Tuesday, December 23, 2008

Nobody Flirts in L.A.

At least if they're middle-aged men. Or maybe it's just if the potential flirtee is a middle-aged woman. We're invisible.

A while back I went on a downtown tour of lofts with two girlfriends, both married. They spied a single guy they deemed "cute" and suddenly became twelve-year-olds trying to set us up. When we got back on the bus after traipsing through an over-priced staged unit, my friends deliberately sat together, manuevering me to sit next to the cute guy.

He wasn't that attractive. He was short and was wearing those over-the-knee length cargos, which didn't help his height. He did have a full head of hair, though, and a pleasant enough face. Egged on by my friends' insistence that I was just too "picky," I did my earnest best to chat him up. I learned that he was a yoga instructor interested in a loft live/work space downtown so he could cater to the growing young and affluent crowd there. I already experienced him as dull but I told him he seemed to have a terrific plan. Perhaps he sensed my essential lack of interest because, for the rest of the tour, even though we compliantly sat together, he was far more interested in playing with his iPhone than he was in talking to me. I chanced upon him again a couple of months later, walking out of the same hair salon I was trying for the first time. He was still wearing the unflattering cargo shorts that made him look stubby. I became positively nostalgic for my ex, who had had a sense of style and refused, for example, ever to wear inherently dorky short-sleeved shirts. To add insult to injury, I emerged with a really lousy haircut.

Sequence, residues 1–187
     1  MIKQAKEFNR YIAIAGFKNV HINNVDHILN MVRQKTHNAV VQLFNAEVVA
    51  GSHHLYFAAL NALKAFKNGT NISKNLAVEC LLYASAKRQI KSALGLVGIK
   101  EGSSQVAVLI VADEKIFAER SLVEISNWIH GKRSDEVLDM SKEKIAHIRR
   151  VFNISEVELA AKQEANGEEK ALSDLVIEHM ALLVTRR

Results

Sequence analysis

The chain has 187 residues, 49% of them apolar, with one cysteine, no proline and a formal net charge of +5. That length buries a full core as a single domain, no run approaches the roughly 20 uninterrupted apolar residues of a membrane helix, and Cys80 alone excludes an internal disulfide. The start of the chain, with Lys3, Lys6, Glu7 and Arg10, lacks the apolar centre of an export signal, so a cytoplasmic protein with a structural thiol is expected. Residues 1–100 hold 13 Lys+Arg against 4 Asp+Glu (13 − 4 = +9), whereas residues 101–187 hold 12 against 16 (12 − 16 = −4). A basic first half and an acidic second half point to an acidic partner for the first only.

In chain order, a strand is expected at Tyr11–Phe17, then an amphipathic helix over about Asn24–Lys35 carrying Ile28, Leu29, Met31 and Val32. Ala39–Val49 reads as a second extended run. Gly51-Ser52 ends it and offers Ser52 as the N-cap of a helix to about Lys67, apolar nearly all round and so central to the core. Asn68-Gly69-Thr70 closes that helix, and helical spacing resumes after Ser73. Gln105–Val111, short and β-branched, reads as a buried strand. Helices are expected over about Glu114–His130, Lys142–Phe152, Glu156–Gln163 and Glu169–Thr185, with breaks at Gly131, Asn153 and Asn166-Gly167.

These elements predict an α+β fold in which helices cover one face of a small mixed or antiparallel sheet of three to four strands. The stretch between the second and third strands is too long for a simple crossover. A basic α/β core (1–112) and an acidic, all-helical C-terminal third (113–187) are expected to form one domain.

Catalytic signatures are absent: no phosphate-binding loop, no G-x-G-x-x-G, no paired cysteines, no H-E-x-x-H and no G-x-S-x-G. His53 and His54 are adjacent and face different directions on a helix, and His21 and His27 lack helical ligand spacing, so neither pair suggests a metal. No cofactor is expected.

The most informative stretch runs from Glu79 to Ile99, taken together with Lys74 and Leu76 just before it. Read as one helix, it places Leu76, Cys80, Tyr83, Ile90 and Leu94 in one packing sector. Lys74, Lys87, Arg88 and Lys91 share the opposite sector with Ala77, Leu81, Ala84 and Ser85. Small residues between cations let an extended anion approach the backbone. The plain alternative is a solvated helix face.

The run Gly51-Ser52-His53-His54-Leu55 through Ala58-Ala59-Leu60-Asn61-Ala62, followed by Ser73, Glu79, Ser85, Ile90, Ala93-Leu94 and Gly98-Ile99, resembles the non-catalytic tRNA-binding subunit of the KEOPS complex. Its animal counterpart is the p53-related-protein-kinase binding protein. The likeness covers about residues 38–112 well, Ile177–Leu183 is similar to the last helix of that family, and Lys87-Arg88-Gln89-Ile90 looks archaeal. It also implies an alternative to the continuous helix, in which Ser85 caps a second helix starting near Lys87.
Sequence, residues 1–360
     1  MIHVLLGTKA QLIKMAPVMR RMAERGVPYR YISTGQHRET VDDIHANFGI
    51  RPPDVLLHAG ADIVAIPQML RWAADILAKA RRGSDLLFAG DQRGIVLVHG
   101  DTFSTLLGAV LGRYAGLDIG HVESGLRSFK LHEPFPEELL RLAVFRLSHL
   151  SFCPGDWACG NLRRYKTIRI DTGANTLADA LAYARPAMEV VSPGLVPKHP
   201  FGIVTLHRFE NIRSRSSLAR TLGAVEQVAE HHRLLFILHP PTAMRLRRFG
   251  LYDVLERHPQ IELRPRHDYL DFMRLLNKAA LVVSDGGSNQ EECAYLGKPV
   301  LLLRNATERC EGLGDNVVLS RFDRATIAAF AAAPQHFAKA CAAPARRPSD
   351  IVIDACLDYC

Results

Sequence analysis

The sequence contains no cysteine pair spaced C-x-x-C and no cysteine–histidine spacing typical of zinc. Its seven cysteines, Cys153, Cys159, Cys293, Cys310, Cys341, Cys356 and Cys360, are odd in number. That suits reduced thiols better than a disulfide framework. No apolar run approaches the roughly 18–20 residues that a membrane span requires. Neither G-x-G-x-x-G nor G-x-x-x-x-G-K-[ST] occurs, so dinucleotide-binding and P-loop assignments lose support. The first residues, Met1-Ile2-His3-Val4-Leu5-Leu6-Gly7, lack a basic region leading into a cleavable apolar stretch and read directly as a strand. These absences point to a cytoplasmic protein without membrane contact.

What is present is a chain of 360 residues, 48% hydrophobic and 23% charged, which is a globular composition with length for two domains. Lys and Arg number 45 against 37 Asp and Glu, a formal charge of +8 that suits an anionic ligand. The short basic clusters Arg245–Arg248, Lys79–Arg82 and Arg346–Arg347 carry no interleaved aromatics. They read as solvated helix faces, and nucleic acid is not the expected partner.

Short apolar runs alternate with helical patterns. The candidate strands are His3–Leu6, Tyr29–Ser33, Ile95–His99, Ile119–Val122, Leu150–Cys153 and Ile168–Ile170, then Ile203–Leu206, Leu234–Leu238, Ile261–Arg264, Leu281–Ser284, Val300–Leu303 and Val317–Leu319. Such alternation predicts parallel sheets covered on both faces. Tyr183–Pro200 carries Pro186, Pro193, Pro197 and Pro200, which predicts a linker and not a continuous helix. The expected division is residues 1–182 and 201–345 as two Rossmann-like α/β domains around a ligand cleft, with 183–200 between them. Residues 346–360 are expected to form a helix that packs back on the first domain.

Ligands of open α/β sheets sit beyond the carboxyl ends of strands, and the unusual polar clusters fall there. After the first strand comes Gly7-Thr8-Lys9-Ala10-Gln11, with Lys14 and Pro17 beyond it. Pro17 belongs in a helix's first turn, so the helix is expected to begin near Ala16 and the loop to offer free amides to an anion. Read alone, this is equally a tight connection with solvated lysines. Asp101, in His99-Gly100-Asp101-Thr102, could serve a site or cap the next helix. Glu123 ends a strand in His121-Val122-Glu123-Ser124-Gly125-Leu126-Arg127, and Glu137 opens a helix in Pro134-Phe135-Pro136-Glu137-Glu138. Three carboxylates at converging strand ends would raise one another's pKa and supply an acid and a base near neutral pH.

And then there were the dinner parties, at which I and another man were the sole singles, strategically and painfully placed in seats next to or directly across from each other. At one, a friend across from us asked me what kind of work I was doing these days. She might as well have winked; she knew damned well what I did for a living and whose benefit this was for. But I played along and even asked Mr. Single next to me what he did, though I already knew that, too. Number one was "a physician" (I am picky about language, so that struck me as a slightly pompous way to say he was a doctor); number two was involved with various organic and New Age pursuits. Sigh. Still, he had helped the hosts to cook, and he didn't have an iPhone or Blackberry, at least in sight.

But he made me feel invisible. He didn't even attempt to make conversation, nevermind flirt. He seemed asexual. I remembered having seen him at these friends' before, always solo. Was it my "pickiness" again sabotaging a connection or was it just him?

I recalled the visiting playwright. He'd been prematurely gray, skinny as a scarecrow (okay, I'll admit I do favor skinny), and dour. But the night I stopped to drop him at the friend's where he was staying and he grabbed me passionately across the stick shift (ahem) in my Alfa--well, we segued to my place instead and began a highly sensuous affair of words and sex for several months. Suffice it to say that he'd read and written enough to know the power of carpe diem--one might say he was skilled in the art of extreme flirtation. "Seduction" demeans his--and my--sincerity in the whole endeavor.

I don't need someone who can send me postcards with his erotic translations of Catullus, as the playwright did. But it would be nice to find a man my age who still knows how to flirt, or who isn't afraid to. I do wonder about the fact that the playwright wasn't from here. Not that many of us are, originally. But our relationship went sour in part because he couldn't stand L.A. I guess he was just too picky about his environs....

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